I need to object to "Observer's" complaint about "more affluent hill communities trying to shift development over to the poor flatlanders." First, it is absurd to claim that Linfield Oaks has significant wildfire risk. The areas that burned in Santa Rosa were either in the hills themselves or in the Coffey Park flatland neighborhood that was a half mile away from those hills. Linfield Oaks is 2 miles away from the nearest hills. The San Mateo and Santa Cruz County Wildfire Protection Plan puts Woodside and Portola Valley in the wildland-urban-interface (WUI), but the WUI ends at about Alameda de Las Pulgas. The simple fact is that these WUI communities face astronomical fire risk compared to the flatland neighborhoods that are miles distant.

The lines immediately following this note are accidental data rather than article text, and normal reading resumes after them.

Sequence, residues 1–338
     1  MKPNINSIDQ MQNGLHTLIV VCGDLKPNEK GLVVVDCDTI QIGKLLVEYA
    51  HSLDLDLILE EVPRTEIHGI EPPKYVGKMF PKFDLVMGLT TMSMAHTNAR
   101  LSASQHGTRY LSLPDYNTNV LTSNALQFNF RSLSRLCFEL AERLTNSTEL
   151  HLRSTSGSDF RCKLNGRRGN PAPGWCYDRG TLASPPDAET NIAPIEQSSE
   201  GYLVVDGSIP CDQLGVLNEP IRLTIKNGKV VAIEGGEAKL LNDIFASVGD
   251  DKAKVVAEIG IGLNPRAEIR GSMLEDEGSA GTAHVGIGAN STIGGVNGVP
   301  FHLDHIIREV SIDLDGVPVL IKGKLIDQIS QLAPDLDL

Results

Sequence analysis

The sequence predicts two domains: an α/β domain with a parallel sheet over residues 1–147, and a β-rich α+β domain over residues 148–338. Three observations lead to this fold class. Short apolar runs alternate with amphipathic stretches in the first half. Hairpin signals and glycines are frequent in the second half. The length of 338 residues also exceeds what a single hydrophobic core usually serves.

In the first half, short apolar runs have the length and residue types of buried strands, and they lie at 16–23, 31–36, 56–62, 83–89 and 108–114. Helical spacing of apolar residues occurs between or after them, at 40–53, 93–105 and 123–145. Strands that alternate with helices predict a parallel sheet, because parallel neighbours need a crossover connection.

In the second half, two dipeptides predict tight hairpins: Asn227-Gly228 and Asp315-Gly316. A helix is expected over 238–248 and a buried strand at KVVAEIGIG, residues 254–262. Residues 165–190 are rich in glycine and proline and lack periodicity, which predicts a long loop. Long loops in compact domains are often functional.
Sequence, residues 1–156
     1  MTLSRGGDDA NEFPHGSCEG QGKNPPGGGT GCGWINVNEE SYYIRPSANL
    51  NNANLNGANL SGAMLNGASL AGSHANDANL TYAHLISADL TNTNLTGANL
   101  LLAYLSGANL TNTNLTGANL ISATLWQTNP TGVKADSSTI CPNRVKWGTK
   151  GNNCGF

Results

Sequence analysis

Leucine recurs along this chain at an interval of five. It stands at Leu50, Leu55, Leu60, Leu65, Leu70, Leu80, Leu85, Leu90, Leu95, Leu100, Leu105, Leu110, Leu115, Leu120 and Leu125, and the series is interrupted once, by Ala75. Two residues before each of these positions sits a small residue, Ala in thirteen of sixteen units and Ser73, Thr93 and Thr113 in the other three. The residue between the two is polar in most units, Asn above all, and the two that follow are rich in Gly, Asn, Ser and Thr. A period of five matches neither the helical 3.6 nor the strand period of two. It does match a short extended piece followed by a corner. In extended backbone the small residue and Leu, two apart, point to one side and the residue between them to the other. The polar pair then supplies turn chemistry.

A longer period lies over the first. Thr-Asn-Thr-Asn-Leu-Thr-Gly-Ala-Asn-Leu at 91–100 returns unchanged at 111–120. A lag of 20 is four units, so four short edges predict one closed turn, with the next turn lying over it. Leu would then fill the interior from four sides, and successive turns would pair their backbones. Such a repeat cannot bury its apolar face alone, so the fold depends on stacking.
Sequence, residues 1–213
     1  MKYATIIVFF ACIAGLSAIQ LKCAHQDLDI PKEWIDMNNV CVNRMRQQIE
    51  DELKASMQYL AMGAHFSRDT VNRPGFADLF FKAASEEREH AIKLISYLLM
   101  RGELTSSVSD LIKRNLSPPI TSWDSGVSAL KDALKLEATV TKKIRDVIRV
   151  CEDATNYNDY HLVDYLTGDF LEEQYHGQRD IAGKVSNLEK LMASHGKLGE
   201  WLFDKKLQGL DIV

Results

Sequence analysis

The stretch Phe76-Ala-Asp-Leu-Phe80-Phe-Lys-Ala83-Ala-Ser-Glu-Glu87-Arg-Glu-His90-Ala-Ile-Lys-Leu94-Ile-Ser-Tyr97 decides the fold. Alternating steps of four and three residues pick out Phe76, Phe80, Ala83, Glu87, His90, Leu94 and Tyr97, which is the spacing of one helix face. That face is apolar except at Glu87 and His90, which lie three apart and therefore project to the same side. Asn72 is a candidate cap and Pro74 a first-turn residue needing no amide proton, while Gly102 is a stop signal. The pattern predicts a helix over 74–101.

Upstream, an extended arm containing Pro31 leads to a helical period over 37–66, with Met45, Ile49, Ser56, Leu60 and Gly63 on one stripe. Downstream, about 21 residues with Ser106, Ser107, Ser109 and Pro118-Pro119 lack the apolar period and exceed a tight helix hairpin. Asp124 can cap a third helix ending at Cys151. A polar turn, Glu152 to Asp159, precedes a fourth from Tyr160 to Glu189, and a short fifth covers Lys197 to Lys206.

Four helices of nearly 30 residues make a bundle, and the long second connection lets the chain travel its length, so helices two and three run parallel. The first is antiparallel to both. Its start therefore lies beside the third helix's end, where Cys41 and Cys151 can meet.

Second, I can speak for myself, and I think many others who have objected to the fire risk with housing densification, that we have worked very hard to fight against this housing legislation for a variety of reasons beyond fire, and for the whole state and not just our communities. A hot-button issue of mine is the power grid, which struggles to stay up even with our current population. I have never objected to a flatlander raising concerns about the special circumstances there (such as loss of privacy and parking), just because those don't affect where I live as much as in the flatland communities. I'd appreciate it if Observer did not object to concerned residents living in the WUI speaking up about their fire-related concerns.

Third, if one is going to play the "affluent vs. poor" card, one should find a better representative for the poor than the residents of Menlo Park.